As a human living in a “civilized,” modern, industrial society, I have the brain power and the luxury to ponder the meaning of it all. Unlike the main character in White Fang and all other creatures who live in “the wild,” I’m not spending all my time scrounging around for the next meal, and better yet, I’m not one of the creatures constantly on the lookout for a wolf looking to pounce. But for whatever reason, I’ve found myself over the past couple of years thinking a lot about what London calls the “law of meat”: either eat meat or become meat. Like it or not, the simple fact is that the only way that most living things can survive is to kill and consume other living things. And as a member of the species on the top of the food chain, we are the most successful killers and meat eaters that have ever walked the planet. I only feel peaceful and “civilized” because I, like most humans these days, am not required to do the killing myself.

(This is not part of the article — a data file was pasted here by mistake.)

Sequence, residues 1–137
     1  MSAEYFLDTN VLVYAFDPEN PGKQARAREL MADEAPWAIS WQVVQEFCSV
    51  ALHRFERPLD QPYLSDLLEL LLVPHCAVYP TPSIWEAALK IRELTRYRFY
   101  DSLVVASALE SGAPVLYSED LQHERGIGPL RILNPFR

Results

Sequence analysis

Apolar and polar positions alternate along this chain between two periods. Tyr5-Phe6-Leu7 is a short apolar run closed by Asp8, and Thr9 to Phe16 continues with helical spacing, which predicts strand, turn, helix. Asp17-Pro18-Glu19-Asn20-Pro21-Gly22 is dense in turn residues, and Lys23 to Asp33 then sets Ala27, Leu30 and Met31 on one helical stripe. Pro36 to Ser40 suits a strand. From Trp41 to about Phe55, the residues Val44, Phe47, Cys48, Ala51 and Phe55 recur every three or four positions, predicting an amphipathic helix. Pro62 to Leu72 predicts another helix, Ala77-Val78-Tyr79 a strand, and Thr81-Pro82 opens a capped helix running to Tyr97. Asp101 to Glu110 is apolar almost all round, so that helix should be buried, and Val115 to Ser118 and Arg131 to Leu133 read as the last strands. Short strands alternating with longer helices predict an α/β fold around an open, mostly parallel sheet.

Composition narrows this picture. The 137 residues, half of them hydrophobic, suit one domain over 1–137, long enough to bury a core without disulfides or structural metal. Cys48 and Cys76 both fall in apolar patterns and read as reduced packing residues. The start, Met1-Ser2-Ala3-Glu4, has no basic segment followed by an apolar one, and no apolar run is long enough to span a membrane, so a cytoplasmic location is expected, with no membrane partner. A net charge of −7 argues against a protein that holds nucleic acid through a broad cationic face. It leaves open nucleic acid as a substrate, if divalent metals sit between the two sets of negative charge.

I wish this world operated differently. I wish that living things sustained themselves by consuming non-living objects, or better yet, I wish that living things did not need to eat (and excrete) at all. Of course, there are a lot of things about this planet that I wish were different. I could easily do without earthquakes, hurricanes, volcanoes, infectious diseases, physical pain, and a whole mess of other shitty things about living on this planet.
And I’m not the only one. Ever since our primate brains got big enough to think about the meaning of it all, humans have tried to explain why this world operates as it does. Unlike the wolf nicknamed White Fang who could simply accept the world as it is, we humans have spent thousands of years trying to explain why it was created this way. The world, after all, must have some from somewhere. For much of our long history as religious beings, people believed that gods and spirits could be as immoral and irrational as humans, which helped to explain why the world was so messed up. But more recently in human history, many people came to believe that God or the great life force(s) were good, forcing people to come up with creative ways of explaining how a good creator could make such a fucked up creation.